Let me tell you, I was so excited to learn there was a word for this.

Seasonality is so interesting and vital to everything we do.  It’s not just an abstract idea of environmental changes that control when a bear should hibernate or when a flower should bloom; it’s directly related to our own lives. These changes and cycles are important for the growth of our food, the flow of our water, and the livelihood of people around the world. Furthermore, it isn’t even just about a flower blooming; for few flowers can procreate themselves. Pollination is perhaps one of the most important and beautiful seasonal relationships that the natural world has to offer. Just as a human being longs for the touch of another, flowers open themselves to the embrace of their pollinators; humbly and graciously giving a gift if only for the promise of transport of their potential offspring. Pollination is the transport of pollen in order to facilitate fertilization, and it’s all about the birds and the bees…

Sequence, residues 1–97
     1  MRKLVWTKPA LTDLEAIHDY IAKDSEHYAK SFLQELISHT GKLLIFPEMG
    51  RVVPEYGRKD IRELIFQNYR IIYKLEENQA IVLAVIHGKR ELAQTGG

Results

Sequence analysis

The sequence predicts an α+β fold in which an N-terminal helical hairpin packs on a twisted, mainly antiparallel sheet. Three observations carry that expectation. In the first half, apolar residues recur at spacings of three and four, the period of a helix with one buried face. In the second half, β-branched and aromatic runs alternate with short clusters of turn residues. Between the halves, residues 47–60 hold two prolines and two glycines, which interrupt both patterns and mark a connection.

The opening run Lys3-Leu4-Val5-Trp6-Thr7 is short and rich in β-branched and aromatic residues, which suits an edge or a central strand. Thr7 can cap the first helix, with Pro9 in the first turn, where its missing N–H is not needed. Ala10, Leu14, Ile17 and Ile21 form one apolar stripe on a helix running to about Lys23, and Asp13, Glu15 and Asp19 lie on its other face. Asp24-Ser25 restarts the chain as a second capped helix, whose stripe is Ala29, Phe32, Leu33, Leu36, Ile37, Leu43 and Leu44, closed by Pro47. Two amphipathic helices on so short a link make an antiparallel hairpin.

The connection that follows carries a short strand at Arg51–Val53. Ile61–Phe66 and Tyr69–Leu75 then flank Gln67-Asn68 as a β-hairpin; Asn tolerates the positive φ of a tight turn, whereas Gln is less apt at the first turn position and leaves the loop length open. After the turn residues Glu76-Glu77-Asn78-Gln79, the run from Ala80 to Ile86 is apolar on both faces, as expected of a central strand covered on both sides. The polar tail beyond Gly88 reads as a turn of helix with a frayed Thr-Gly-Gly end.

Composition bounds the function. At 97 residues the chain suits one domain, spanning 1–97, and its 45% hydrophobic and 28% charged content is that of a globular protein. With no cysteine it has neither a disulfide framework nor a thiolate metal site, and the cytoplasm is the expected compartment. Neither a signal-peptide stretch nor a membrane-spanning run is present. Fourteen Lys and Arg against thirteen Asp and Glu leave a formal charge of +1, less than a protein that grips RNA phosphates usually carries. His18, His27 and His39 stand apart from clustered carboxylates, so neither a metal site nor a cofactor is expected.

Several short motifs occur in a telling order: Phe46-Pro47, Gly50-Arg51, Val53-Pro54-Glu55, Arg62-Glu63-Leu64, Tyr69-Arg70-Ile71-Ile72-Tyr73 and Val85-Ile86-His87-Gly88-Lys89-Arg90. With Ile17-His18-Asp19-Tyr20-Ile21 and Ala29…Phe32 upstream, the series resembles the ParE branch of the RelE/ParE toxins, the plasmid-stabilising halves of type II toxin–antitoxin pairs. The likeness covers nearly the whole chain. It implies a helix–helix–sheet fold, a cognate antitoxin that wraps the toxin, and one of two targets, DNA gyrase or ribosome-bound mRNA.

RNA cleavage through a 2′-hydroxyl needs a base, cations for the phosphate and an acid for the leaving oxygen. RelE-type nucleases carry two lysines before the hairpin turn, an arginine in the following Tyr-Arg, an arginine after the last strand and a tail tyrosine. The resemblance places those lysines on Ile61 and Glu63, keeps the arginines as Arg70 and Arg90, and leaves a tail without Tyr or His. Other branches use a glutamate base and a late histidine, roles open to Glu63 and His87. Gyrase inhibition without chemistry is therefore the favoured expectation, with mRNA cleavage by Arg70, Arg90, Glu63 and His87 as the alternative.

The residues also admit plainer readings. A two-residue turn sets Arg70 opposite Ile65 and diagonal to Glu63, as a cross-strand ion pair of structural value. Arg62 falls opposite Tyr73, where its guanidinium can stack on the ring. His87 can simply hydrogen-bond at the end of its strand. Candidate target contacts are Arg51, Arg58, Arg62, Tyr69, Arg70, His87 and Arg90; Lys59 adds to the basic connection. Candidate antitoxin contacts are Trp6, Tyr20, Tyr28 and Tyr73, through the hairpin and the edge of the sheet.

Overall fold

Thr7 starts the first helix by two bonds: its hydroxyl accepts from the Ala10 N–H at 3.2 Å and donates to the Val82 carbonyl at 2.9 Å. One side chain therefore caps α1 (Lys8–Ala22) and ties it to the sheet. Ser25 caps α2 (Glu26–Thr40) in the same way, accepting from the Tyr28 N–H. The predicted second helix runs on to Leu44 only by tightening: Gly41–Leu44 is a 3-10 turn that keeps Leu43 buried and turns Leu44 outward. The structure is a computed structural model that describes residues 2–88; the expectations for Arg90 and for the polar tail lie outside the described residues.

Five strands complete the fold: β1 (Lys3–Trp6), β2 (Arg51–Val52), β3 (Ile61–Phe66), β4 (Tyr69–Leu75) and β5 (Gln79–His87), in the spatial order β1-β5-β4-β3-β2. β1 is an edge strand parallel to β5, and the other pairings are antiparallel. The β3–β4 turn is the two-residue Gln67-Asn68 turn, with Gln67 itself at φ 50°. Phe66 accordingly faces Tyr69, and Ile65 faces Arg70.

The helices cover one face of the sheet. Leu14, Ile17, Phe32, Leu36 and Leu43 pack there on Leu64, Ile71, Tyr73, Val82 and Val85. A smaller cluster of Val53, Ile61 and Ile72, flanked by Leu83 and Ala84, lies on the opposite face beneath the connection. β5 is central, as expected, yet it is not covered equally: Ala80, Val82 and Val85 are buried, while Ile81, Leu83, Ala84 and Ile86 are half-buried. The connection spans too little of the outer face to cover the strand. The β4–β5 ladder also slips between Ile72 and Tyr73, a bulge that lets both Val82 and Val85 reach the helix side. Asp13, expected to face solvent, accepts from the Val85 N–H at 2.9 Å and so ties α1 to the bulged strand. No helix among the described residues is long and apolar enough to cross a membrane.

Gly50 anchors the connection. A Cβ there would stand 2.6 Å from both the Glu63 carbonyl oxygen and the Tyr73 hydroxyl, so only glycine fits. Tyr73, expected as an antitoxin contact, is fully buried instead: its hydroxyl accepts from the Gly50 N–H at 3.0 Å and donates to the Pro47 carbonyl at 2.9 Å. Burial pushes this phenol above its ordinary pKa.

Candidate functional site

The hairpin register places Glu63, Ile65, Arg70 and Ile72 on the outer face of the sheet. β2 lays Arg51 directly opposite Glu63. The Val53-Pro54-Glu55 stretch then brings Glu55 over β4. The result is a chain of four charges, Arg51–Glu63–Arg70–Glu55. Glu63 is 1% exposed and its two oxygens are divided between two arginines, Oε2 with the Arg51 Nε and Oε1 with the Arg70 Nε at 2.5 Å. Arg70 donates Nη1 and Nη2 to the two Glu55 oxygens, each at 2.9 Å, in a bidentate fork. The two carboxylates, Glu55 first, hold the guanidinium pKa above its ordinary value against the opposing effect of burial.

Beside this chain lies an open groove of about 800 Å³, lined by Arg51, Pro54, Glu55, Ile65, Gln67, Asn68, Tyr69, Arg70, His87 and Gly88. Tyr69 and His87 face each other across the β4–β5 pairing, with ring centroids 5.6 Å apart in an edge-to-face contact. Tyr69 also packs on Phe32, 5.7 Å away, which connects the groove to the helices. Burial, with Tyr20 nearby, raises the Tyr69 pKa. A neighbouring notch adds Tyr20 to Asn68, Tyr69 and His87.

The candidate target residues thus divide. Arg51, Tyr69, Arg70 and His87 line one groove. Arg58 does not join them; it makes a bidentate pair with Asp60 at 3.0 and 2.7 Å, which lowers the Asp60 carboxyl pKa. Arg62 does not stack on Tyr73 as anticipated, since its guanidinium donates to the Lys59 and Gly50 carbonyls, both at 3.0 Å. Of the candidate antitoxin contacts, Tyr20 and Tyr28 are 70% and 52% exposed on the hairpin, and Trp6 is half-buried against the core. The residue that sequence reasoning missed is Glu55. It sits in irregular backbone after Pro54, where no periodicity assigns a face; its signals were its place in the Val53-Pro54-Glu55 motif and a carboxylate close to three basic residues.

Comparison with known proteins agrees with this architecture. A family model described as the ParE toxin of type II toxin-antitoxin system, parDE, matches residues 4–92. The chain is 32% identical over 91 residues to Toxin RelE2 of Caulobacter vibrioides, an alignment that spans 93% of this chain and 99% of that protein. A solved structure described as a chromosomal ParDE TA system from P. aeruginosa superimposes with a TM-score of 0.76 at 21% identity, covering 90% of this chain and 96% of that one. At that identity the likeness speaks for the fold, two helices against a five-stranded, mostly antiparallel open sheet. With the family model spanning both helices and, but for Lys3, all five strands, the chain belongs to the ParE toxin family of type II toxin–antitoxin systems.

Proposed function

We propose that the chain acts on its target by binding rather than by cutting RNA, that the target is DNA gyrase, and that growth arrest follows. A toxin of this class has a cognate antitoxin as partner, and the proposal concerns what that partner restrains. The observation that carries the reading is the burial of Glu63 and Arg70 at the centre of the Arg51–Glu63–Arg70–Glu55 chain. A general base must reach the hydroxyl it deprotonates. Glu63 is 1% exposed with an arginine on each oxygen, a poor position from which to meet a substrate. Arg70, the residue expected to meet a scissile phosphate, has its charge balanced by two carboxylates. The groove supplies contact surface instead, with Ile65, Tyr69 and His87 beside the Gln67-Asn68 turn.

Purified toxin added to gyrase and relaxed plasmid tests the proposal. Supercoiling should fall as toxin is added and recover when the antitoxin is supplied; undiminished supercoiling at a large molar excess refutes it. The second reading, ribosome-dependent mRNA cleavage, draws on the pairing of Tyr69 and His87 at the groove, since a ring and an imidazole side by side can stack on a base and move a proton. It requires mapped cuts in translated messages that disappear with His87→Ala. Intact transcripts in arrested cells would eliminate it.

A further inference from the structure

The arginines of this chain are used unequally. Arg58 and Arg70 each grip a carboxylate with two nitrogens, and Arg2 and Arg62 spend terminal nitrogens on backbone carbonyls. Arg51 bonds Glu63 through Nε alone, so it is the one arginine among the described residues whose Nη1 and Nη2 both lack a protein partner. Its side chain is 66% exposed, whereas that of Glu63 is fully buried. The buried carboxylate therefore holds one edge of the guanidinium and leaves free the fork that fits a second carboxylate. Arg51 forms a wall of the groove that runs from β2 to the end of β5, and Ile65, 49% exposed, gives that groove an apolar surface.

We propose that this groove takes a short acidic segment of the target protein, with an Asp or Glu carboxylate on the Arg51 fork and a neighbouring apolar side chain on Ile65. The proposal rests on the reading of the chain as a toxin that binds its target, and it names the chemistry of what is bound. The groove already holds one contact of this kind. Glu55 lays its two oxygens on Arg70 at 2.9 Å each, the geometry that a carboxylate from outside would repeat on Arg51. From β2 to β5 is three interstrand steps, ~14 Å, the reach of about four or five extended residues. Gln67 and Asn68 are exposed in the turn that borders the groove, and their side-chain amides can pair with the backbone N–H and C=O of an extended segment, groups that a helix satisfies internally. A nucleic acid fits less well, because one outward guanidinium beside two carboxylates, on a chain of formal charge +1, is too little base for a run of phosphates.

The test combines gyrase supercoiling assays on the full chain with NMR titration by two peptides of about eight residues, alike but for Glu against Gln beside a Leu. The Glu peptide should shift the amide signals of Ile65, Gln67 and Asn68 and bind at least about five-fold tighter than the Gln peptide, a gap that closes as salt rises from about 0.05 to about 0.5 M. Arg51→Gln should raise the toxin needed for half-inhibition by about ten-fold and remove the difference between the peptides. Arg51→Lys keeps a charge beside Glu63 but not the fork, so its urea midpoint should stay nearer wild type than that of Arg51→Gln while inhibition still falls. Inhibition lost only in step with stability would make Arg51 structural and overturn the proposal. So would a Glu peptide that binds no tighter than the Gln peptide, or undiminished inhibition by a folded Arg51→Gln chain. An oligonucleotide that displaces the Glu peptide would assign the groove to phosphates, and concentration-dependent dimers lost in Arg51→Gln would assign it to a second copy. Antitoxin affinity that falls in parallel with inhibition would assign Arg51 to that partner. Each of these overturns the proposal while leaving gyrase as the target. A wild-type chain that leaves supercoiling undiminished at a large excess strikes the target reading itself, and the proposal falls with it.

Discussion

Few plants are able to pollinate without animal assistance, and those that do usually use wind or water as a vessel for doing so.